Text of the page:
Luke 3: 15-17, 21-22   Rev. Dr. Galen E. Russell III

Isaiah 43: 1-7   January 10, 2016

“When you pass through the waters, I will be with you; and through the rivers, they shall not overwhelm you; when you walk through fire you shall not be burned, and the flame shall not consume you.

Prayer:  Open your heavenly realm to us today, O God, that your Spirit may baptize us anew with your love and grace.  Amen.

We’ve heard it again and again… in the Call of Baptism, God says to each of us and to every child about to be baptized the wonderful words, “I love you!  I love you with an everlasting love.”  We heard it today as we re-affirmed our baptisms with a sprinkling of water.

We get those words from Isaiah who quotes God saying, “Because you are precious in my sight, and honored, and I love you, I give people in return for you, nations in exchange for your life.”  Wow!  “What a wondrous love this is, O my soul, O my soul!”

Why would God love us so?  What makes God love the child?  Because that child earned God’s love?  No.  Because that child is so innocent and free from bad behavior, not having lived long enough to sin?  No.  Because she’s been baptized?  Uh-uh.  Because he’s been going to church?  Nope.  Are we loved by God because we’ve learned how to pray, spent time with God in daily devotions?  Because we’ve been saying and doing all the right things?  No, no, and no!

What, then, makes God love us?  Because it has nothing to do with who we are, or where we are, or what we do or don’t do, what we say or don’t say… I think weare loved by God because it’s in God’s nature to do so.  There’s human nature and there’s God’s nature.  God’s nature is perfect, complete love.  There’s holy love (agape).  There’s romantic /physical love (eros).  Brotherly/sisterly love (filo).  Family love.  Tough love.  We are loved because God IS love—the source of all Love is God.  We are loved because God’s love and grace are unmerited, undeserved, and unconditional, and Jesus showed us just how far God was willing to go to ensure we know this!  We are loved, and in baptism, we affirm that each of us is “The Beloved!” recipients of Love. Each of us are daughters and sons of the living God! Family members.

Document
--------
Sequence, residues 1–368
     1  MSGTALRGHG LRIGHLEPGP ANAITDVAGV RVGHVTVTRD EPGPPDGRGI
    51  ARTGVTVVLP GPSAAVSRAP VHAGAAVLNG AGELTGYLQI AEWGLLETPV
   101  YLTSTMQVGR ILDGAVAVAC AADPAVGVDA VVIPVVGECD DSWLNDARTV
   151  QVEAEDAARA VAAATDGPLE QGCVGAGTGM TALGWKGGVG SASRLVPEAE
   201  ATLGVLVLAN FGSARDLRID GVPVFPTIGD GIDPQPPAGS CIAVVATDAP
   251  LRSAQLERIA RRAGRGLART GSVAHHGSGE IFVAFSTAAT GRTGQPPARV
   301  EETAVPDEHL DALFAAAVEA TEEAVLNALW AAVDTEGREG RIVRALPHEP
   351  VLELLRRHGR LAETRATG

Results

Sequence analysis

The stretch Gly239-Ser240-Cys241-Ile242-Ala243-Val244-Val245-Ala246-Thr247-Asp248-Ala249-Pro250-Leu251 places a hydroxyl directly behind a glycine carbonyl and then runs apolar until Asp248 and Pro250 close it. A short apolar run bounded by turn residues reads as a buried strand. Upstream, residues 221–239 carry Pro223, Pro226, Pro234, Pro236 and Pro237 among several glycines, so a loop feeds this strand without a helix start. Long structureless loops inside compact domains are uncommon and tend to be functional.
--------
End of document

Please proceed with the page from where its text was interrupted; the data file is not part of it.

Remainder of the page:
I absolutely love this passage from Isaiah 43.  I always use excerpts of it in the Baptismal ceremony.  I go into more detail with it when I consult with parents helping them prepare for their child’s baptism.  I love it because it speaks of God’s love—how God names, claims, and redeems us.  It shows just how far God is willing to go to get this love into our hearts and minds, metaphorically giving up anything and everything, even whole nations, even God’s own Son, just so we get it.

Love is absolutely an essential ingredient to our survival, both physically and spiritually.  Study after study shows that the loving touch and loving attention between parents and a newborn infant facilitates the bonding process from the first moments after birth.  Healthy bonding with both parents can also help the infant develop better psychologically and socially later in life.  Babies who don’t receive human love in their first days or weeks of life often suffer from health problems related to this deprivation.  They can exhibit a failure to thrive, a condition often seen in orphanages among some children who did not receive enough human love when they were babies.  Newborns denied physical contact with other humans can actually die, even when provided with proper nutrition and shelter (, retrieved January 9, 2016).  So, baptism is our affirmation of God’s holy and eternal love, and love is absolutely essential to our survival, like the air we breathe and the water we drink.

It’s no accident that water is used in baptism.  Yes, we baptize with water because Jesus was baptized with water.  Yes, we baptize with water because we know it’s essential for our physical survival; indeed ~ approximately 65% of our bodies are made up of water, and ~71% of our planet earth’s surface is water. Yes, water is a metaphor of God’s ability to cleanse our lives.

But, we also baptize with water because it represents both the goodness of life and the sheer terror of life.  Water is innocent enough for baptism, drinking, bathing, and recreation, but it is terribly powerful—it carved the Grand Canyon after all.  Too much of it can cause massive destruction, like a tsunami, or a flood.  And the very water we need to survive by having it in us will kill us if we’re in it too long and it fills our lungs.

But God tells us, through Isaiah, that God will be with us when the waters of life are too powerful.  As we pass through the rivers, we won’t